1 Genetic Epidemiology Branch, National Institute of Mental Health, Bethesda, MD, USA.
Background: There is limited research on the association of sleep problems with International Classification of Headache Disorders (ICHD-II)-defined headache subtypes in youth, particularly from community-based samples. This cross-sectional study examines the associations of sleep patterns, symptoms and disorders with specific headache subtypes among adolescents from the general population of the United States.
Methods: The sample includes 10,123 adolescents in the National Comorbidity Survey - Adolescent Supplement, a face-to-face survey of adolescents aged 13-18 years in the continental USA. Headache subtype diagnoses were based on modified ICHD-III criteria, and mood and anxiety disorders were based on Diagnostic and Statistical Manual of Mental Disorders criteria. The associations of self-reported sleep patterns and insomnia symptoms and headache status were estimated with multivariate regression models that adjust for demographic characteristics and comorbid anxiety and mood disorders.
Results: There was no significant difference in bedtime between youth with and without headache. However, adolescents with migraine headache reported significantly shorter sleep duration ( p = .022) and earlier wakeup time ( p = .002) than those without headache. Youth with any headache, particularly migraine, had significantly more sleep disturbances than those without headache. With respect to headache subtypes, youth with migraine with aura were more likely to report difficulty maintaining sleep, early morning awakening, daytime fatigue, and persistent insomnia symptoms than those with migraine without aura. However, these associations were largely accounted for by comorbid anxiety and mood disorders. There was a monotonic increase in the number of insomnia symptoms with increasingly restrictive definitions of migraine.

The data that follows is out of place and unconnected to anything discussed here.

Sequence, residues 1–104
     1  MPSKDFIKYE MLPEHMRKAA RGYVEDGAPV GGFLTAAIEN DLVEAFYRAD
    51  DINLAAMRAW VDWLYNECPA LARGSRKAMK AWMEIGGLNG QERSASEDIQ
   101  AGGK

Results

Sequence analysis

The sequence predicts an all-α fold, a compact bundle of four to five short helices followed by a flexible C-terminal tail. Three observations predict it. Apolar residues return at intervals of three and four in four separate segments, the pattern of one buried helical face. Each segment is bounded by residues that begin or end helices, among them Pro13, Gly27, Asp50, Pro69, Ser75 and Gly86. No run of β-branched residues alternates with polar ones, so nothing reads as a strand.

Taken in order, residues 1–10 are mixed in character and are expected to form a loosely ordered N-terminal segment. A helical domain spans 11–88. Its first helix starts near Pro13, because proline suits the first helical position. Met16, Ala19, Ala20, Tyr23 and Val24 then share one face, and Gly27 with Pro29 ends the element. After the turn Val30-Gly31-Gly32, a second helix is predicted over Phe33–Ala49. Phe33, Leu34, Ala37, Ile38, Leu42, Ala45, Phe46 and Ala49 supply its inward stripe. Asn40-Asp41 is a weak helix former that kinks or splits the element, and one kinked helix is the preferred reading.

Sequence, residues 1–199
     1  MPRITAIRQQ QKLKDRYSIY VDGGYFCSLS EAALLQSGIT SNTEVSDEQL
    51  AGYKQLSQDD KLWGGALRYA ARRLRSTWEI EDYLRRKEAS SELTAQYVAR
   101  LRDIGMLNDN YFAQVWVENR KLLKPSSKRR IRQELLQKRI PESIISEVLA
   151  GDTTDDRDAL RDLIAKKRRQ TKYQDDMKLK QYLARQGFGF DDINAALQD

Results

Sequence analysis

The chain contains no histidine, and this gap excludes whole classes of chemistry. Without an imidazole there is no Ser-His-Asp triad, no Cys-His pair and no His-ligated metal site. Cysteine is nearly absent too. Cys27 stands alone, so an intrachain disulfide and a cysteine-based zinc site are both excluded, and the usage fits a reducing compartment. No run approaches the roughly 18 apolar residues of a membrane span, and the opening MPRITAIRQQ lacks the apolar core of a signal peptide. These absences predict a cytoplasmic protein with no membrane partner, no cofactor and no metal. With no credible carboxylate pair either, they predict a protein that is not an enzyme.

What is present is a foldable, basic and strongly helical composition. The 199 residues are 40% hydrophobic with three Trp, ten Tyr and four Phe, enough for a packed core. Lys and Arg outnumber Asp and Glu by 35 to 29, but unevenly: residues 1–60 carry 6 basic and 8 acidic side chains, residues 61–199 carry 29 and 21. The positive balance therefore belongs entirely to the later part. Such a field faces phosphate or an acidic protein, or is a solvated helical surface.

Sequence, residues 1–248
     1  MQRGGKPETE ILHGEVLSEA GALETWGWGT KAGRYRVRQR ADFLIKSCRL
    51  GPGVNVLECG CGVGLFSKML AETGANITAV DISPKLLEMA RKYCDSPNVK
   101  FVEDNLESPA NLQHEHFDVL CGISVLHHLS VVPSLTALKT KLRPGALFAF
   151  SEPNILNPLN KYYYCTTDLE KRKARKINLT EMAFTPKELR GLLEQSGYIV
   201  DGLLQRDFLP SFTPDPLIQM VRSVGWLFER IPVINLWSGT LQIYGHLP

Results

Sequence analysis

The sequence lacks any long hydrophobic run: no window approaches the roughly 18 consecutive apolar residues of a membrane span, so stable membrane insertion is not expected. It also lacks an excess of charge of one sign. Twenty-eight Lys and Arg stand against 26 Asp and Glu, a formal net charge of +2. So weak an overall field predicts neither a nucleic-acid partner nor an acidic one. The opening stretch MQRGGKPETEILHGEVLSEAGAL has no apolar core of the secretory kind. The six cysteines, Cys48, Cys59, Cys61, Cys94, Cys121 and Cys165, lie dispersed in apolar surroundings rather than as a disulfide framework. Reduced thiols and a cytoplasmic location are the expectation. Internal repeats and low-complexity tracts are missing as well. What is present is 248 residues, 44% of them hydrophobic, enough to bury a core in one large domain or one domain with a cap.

Conclusion: Pervasive sleep disturbances in adolescents with headache have important implications for the evaluation, treatment and etiology of pediatric headache.
We have submitted your request - we will update you on status within the next 48 hours.
Sign up for further access to Scientific Publications and Authors!
What are PubFacts Points?
PubFacts points are rewards to PubFacts members, which allow you to better promote your profile and articles throughout PubFacts.com
How do I earn PubFacts Points?
Each member is given 50 PubFacts points upon signing up. You can earn additional points by completing 100% of your profile, creating and participating in discussions, and sharing other members research.
What can I do with PubFacts Points?
Currently, you can use PubFacts Points to promote and increase readership of your articles.